But financial decisions beyond purchasing goods can cause suffering too. I learned that banks invest my money – through the checking and savings accounts I open with them – in fossil fuel projects that do not meet rigorous environmental standards, and which forcibly remove communities from their homes. The money I give a bank or another financial institution in the form of a mortgage, a credit card, or a retirement plan can be used to finance projects that don't live up to my responsibility to care for others and the environment.
I can control where I put my money. I can be sure to purchase goods that are “Fair Trade Certified,” for example. Catholic Relief Services has an “Ethical Trade Shopping Guide” that helps me make faith-informed purchasing decisions.
I can also put my money into more socially responsible institutions like a credit union or a community development bank. A "B Corp" bank is a third kind of institution you can consider. "B Corp," like "Fair Trade," is a certification which signifies to consumers that an institution has met a certain threshold of ethical standards. You can search for "B Corp" banks here.
It's important to remember that our faith isn’t intrinsically against money or business. What it's deeply against is when we make money or business so important that we neglect our relationship with God and the wellbeing of our sisters and brothers and the Earth. Our relationships are our most valuable possessions. As scripture tells us, God rebukes those who would “hand over the just for silver, and the poor for a pair of sandals; [those who] trample the head of the destitute into the dust of the earth, and force the lowly out of the way” (Amos 2: 6-7).
Government policy has a role in how our economies work. Trade and debt agreements have human consequences.
Trade agreements tend to favor transnational corporations by making it more difficult for governments to enforce labor rights and protect the environment. As a result, vulnerable communities are pushed to migrate, poverty gets worse, and the environment is badly damaged.
Similarly, wealthy nations and institutions force developing nations into usurious debt arrangements. Developing nations must pay off these debts at the expense of providing their citizens with access to clean water, adequate housing, and basic health care.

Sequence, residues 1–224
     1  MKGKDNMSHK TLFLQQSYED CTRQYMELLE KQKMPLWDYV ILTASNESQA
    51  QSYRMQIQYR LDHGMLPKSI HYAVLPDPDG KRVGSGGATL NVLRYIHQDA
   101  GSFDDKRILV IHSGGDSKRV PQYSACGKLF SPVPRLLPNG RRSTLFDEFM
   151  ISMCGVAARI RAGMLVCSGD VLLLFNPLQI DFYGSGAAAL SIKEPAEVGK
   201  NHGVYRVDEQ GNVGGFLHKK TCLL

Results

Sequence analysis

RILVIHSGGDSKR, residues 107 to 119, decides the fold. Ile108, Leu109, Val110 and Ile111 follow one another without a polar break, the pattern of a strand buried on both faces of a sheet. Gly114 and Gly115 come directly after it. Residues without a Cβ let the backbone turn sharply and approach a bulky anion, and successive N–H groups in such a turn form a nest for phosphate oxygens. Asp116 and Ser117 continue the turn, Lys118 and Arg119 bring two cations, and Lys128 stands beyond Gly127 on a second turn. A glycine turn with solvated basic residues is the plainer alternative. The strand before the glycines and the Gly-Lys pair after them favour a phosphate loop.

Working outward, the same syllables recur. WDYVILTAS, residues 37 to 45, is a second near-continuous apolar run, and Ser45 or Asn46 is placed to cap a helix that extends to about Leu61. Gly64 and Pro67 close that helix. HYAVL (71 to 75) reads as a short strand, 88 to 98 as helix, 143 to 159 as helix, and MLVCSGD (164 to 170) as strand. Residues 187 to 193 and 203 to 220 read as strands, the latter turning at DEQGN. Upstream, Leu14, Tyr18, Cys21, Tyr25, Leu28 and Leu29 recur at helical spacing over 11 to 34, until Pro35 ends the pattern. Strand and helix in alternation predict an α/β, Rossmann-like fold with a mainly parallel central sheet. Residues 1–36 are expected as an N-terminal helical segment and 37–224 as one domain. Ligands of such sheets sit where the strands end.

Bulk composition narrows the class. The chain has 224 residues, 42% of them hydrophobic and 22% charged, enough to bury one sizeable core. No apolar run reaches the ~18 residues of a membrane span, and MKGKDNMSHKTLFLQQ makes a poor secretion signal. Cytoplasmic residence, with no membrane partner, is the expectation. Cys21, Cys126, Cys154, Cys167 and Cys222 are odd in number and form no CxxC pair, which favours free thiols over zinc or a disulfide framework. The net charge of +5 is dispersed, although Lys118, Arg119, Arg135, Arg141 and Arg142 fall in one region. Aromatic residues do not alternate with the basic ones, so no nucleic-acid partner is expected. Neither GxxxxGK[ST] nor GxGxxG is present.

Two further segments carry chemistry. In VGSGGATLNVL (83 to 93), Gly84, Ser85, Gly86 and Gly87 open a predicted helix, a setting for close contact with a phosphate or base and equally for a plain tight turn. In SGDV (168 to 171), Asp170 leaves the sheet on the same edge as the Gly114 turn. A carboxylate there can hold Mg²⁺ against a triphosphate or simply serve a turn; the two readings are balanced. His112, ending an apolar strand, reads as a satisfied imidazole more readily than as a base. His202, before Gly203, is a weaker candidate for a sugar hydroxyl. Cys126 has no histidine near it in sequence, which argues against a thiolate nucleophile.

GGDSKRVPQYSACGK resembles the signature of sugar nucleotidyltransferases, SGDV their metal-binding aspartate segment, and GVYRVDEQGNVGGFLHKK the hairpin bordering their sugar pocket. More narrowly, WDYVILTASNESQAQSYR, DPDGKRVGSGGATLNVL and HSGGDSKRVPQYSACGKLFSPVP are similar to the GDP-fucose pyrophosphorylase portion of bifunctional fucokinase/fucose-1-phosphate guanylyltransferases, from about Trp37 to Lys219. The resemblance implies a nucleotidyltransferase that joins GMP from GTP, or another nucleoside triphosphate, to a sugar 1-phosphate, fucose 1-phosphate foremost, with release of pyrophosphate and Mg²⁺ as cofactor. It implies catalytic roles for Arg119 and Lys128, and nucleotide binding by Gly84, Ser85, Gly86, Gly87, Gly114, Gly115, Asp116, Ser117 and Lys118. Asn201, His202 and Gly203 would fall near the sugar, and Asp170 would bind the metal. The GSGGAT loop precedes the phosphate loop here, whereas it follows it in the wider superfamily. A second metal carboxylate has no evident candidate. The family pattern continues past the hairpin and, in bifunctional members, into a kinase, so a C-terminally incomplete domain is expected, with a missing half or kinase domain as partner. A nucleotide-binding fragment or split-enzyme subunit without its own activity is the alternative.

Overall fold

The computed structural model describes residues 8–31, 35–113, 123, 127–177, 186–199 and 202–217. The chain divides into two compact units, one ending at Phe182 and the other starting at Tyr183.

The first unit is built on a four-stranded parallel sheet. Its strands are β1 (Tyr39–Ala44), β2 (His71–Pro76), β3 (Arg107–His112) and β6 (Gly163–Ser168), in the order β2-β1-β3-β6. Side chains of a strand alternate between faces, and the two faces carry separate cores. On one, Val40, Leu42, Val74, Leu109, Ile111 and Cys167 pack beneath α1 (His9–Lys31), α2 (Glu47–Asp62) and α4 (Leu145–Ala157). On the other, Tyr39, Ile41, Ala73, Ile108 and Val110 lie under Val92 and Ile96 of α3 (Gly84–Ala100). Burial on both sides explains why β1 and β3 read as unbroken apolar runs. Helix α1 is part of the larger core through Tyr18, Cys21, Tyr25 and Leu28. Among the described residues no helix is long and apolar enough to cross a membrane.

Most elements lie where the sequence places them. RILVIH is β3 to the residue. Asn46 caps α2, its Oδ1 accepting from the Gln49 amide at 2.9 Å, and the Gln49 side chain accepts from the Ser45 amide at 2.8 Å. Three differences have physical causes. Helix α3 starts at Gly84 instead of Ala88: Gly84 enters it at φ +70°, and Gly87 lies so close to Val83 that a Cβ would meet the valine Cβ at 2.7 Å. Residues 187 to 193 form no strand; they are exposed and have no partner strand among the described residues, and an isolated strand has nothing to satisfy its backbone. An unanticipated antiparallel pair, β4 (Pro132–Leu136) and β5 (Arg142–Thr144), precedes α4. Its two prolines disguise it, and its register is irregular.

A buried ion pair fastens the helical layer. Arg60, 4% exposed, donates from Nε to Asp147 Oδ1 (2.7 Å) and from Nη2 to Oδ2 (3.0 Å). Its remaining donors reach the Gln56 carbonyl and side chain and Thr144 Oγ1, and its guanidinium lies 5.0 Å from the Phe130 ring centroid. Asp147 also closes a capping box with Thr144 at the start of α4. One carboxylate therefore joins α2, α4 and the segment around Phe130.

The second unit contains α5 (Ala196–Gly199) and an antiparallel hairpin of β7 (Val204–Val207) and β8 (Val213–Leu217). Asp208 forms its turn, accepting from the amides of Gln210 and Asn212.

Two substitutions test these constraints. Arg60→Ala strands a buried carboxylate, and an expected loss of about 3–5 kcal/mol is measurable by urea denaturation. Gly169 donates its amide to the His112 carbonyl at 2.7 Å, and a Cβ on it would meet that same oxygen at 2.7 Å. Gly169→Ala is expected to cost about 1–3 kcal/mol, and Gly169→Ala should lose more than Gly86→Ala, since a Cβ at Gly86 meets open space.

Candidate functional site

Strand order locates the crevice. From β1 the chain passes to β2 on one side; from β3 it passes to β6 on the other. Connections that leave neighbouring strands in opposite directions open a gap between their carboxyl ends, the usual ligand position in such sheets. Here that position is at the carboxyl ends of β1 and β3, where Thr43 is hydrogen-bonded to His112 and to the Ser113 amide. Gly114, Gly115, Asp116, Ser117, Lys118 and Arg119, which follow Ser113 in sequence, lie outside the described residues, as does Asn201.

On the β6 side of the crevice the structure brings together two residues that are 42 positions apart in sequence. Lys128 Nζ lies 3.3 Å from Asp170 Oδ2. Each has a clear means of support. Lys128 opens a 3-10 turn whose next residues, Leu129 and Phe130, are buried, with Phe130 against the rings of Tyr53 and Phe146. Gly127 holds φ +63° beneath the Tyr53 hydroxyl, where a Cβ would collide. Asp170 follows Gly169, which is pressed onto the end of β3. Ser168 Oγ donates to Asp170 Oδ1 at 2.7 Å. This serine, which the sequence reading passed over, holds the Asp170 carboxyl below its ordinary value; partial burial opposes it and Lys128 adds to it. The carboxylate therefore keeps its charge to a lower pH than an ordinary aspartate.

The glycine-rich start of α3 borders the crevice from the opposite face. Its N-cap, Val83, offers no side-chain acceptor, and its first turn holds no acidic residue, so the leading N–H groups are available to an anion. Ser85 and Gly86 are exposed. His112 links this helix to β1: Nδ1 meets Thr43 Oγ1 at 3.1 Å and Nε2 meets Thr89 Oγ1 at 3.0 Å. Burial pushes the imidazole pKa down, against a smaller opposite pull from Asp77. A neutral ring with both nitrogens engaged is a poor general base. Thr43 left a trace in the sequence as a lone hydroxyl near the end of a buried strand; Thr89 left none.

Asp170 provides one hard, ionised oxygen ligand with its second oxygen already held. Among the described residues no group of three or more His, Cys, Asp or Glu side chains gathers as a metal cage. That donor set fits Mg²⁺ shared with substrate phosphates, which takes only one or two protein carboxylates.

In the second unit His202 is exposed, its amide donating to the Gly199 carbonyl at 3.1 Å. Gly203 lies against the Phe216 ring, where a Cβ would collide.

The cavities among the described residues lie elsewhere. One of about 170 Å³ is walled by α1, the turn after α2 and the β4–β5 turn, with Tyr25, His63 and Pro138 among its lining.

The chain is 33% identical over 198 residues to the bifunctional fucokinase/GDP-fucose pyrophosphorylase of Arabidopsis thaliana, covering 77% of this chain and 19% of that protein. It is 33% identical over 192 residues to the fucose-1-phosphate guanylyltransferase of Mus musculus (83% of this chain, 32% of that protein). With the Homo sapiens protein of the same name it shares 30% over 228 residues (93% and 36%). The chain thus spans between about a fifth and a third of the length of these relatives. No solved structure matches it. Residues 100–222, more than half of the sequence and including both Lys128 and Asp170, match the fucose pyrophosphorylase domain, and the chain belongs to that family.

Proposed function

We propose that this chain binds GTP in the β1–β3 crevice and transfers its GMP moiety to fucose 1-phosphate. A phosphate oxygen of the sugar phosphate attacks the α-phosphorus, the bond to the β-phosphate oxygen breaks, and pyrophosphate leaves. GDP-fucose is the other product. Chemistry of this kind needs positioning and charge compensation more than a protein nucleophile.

An example of this is the North American Free Trade Agreement (NAFTA). This agreement between the three nations of North America encourages companies to abandon workers in Canada and the United States to move to Mexico, so they pay Mexican workers less and get away with polluting the environment - all in the name of greater profits.
Fr. Bill Morton, a Columban priest who's spent many years living on the US/Mexico border, has seen firsthand NAFTA's consequences. He explains some of them here:
Christianity calls us to simplicity by reminding us that stuff and money are not what’s most important. What is most important is that everyone can have life, and have it more abundantly (John 10: 10). Ultimately, that is the principle we should build our lives and our economies around.
When someone with a lot of stuff and a lot of money asked Jesus how to gain eternal life, this was Jesus’ reply: “Sell what you have and give to the poor, and you will have treasure in heaven. Then come, follow me” (Matthew 19: 21). This man walked away from Jesus sad because he loved his stuff and his money more than he loved life.
I have been this man, and sometimes I still act like him. The best way I’ve found to fight against this impulse is with a question. If I’m going to buy something, or if I have a financial decision to make, I ask: “Does this thing bring me closer to God? Does this decision support fair and humane practices?” If the answer to either question is “no,” then I search for the alternative that let’s me say “yes” - the "yes" to life.
Weekly Reflections on Justice & Columban Spirituality is produced by the Columban Center for Advocacy and Outreach. We hope these reflections help to guide you on your own spiritual journey working toward justice, peace, and the care of creation.
Wesley Cocozello is the "Communications and Programs Coordinator" for the Columban Center for Advocacy & Outreach. He visited the US/Mexico border for the first time in November of 2017.
Copyright © 2019 Columban Center for Advocacy and Outreach, Washington, D.C.